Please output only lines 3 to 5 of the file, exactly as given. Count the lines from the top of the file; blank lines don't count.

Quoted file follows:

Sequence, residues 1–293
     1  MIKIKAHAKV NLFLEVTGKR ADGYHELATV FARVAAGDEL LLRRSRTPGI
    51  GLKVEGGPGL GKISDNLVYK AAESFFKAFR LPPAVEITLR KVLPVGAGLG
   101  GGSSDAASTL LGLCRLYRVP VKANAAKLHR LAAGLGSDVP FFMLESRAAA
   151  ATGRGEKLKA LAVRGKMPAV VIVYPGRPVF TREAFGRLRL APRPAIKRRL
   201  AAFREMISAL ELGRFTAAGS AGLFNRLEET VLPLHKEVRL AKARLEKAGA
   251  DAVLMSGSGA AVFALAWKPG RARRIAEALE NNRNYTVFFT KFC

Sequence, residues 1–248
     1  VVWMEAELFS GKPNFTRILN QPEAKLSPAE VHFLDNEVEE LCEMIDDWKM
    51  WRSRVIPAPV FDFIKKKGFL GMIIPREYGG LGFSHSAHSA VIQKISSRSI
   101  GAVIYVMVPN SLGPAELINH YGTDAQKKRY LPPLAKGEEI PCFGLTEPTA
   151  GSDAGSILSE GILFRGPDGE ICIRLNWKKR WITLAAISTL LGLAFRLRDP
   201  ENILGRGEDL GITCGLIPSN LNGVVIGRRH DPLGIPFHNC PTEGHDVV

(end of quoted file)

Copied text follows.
    51  GLKVEGGPGL GKISDNLVYK AAESFFKAFR LPPAVEITLR KVLPVGAGLG
   101  GGSSDAASTL LGLCRLYRVP VKANAAKLHR LAAGLGSDVP FFMLESRAAA
   151  ATGRGEKLKA LAVRGKMPAV VIVYPGRPVF TREAFGRLRL APRPAIKRRL